Advisory Board has been tracking site-of-care shifts in the health care industry for many years, but it's important to remember those changes aren't just happening in the United States, but worldwide.
Radio Advisory's Rachel Woods sat down with Advisory Board's Colin Gelbaugh and Paul Trigonoplos to talk about how site-of-care shift trends are changing worldwide and why those shifts are happening.
Read a lightly edited excerpt from the conversation below, and download the episode for the full interview.
Rachel Woods: I want to ask about an experience that you recently had, Colin, with our members. You convened a group of, I think it's hundreds of provider leaders together to talk about site of care shifts. And you actually asked them what they believe the most threatening shift is for their business. What did they say?
Colin Gelbaugh: We convened over 400 health care leaders recently and overwhelmingly, almost half of them said that surgical care shifts were the most immediate and alarming shift that they're worried about.
Woods: Are they right to be scared about this?
Gelbaugh: Yeah. Surgical shifts are certainly one of the biggest shifts that we recommend providers to be aware of right now.
Woods: What are some of the other shifts that we're tracking? Surgical care is a big one, what else?
Gelbaugh: There'll be emerging shifts to telehealth and to the home—these are in the early stages but have experienced exponential growth. And then there are other shifts that I would call more opportunistic of convenient care sites, urgent care clinics, retail clinics, the expanding access where access is an issue. And then finally, diagnostic services, more groups expanding onsite diagnostics is the last area I'll call out.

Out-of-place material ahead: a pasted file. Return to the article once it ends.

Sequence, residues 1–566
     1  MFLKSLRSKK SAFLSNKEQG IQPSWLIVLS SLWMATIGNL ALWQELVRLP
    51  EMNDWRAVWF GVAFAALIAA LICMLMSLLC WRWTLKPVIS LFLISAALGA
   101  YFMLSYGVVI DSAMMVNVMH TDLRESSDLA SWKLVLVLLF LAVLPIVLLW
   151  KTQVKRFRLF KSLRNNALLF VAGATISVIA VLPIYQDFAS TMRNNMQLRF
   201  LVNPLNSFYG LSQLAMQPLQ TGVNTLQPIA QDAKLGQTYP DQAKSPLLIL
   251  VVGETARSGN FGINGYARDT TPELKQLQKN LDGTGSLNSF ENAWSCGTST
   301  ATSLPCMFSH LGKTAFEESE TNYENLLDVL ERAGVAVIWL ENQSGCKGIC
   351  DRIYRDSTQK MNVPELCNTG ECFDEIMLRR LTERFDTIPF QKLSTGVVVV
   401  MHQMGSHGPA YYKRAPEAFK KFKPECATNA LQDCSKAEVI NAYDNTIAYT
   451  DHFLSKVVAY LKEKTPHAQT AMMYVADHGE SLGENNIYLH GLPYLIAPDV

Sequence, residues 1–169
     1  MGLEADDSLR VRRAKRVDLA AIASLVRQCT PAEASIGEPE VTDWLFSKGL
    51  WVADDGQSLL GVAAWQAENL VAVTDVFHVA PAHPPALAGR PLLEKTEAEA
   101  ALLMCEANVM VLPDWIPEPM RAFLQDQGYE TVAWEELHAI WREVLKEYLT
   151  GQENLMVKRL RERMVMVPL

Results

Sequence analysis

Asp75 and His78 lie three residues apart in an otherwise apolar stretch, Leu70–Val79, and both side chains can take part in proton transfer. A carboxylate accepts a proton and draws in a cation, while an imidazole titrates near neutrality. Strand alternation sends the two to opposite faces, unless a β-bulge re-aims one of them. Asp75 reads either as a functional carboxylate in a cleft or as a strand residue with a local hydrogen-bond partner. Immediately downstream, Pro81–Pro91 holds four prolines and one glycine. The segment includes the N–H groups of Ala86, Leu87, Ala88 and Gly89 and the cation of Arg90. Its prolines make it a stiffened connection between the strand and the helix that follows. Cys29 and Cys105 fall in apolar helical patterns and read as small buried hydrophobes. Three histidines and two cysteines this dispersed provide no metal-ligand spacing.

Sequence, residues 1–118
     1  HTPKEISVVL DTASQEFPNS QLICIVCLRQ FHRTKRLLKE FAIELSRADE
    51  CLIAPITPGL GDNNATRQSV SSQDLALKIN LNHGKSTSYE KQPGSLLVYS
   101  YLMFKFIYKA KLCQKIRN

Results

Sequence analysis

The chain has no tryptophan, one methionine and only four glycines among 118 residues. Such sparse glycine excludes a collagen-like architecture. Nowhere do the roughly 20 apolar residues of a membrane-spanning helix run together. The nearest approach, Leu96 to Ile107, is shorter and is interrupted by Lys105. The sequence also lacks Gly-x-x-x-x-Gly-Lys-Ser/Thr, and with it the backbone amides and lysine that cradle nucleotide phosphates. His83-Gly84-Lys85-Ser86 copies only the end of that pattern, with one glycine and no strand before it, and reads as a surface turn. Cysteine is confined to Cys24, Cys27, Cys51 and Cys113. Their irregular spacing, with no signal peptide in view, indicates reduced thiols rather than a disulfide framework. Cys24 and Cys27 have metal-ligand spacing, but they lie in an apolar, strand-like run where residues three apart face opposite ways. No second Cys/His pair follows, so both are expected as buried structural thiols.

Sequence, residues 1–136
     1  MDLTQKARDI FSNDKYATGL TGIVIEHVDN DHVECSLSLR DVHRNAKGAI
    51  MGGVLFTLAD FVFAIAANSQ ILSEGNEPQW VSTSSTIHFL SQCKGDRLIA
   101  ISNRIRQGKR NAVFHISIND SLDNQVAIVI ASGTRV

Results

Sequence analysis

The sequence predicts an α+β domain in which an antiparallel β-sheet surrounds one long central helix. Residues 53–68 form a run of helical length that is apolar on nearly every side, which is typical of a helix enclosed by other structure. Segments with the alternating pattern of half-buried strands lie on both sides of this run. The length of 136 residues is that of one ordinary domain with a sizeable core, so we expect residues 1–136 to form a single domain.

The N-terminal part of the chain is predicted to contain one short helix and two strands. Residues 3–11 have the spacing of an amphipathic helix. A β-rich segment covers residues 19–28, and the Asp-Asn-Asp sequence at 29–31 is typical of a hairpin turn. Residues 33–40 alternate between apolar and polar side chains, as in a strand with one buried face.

Woods: And those are all happening here in the United States, but site-of-care shifts aren't just limited to what we're seeing in America. Paul, how does that compare with what we're seeing in international markets? Are the threats the same?
Paul Trigonoplos: I think all of the shifts that Colin mentioned are happening at least in part in other countries, but there's a little bit more nuance there. Internationally, you can think of health systems in two buckets. There's the systems that want more patients and they want to grow. Those systems are private providers. They are generally worried about the same threats that Colin mentioned, surgical and then anything that could harm inpatient volumes namely, home care ships.
Woods: And what countries are examples of these folks that want to grow?
Trigonoplos: It's usually not full countries. It is usually private systems within each country. Forty percent, give or take, of the population of Australia has private insurance, they can access private hospitals. Denmark, the UK, most of Scandinavia actually, they all have a small private hospital industry that does want to grow, middle east as well.
For the most part, the public systems in these countries are where most of the care is delivered. Those hospitals don't really want to grow. They're trying to deliver as much care as possible as cheaply and safely as possible because they're responsible for the public tax dollar. For them, they are trying to shift as many services as possible into more scalable settings just to meet booming demand.
Woods: And Paul, you're getting to exactly where I want to go next, which is not just what we're seeing, but why it's actually happening? What are the drivers of site-of-care shifts? And my hunch is, they're not going to be the same, certainly not between all countries, but also perhaps not between all sites. Let's start high level. What are all the drivers foresight of care shift that we're tracking?